Bad, bad Powerpoint

A couple of days ago, someone in my vicinity needed to create a Powerpoint presentation with lots and lots of JPEG files. She was doing this on a netbook which is usually pretty fast, but after adding a couple of pictures, she noticed it slowing down to a crawl. She was working on a USB key, and not on the hard drive. But that was not the reason for the computer’s slowness. It was because Powerpoint needed to keep all the images in the computer’s memory, and when memory fills up, the computer gets slower. The solution is obvious: in Powerpoint, you can link to images instead of embedding them in the presentation file itself.

After figuring out how to do it the new file appeared a fraction the size of the old file and the computer was responsive again.

Sixty slides with JPEGs later, she saved her work. The next day she copied the folder with the presentation and the image files to the computer’s hard drive. To be sure, she checked if all the images were still there when opening the presentation without the USB key inserted.

They weren’t.

It turned out that when linking to an image, Powerpoint uses the absolute path to the image, including the drive letter. The USB key was called E: and the hard drive C:, so the images couldn’t be found.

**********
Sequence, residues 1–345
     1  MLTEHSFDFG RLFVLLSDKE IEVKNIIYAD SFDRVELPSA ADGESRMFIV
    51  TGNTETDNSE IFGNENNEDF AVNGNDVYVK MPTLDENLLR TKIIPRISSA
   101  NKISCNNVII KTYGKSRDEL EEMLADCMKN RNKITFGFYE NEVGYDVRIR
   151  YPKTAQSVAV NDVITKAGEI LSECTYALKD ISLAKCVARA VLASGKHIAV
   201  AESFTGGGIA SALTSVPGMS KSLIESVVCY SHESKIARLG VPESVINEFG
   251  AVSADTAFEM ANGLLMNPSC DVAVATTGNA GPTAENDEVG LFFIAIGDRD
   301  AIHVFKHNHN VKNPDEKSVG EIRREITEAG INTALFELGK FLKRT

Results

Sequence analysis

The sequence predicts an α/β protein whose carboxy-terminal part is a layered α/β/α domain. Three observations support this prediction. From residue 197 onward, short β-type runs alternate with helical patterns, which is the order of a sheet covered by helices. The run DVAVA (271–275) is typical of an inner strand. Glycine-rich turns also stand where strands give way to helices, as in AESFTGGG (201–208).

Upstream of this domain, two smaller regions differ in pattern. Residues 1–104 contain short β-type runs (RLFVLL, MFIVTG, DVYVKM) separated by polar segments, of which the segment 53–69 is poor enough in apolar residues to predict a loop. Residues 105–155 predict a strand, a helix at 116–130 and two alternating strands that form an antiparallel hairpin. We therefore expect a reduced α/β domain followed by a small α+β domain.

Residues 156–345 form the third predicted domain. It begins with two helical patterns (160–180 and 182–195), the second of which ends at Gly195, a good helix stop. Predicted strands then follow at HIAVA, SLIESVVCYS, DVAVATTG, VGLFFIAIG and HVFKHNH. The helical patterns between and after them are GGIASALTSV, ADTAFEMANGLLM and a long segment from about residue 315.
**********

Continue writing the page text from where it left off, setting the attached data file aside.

In Powerpoint’s file menu there is an option called Pack and Go. This function creates an archive file that can be extracted on another computer, so that it can be shown there. I can guess how that works. During packaging, all the absolute paths of all the file links are made into relative paths, and during unpacking they are prepended with the absolute path leading to the folder where the presentation is unpacked.

It seems to me that this is not a solution, but dirty workaround to a problem that shouldn’t exist. Simply using relative paths would have solved this and would have had no downsides. Why Microsoft would choose to use absolute paths in the first place is beyond me.

Pack and Go

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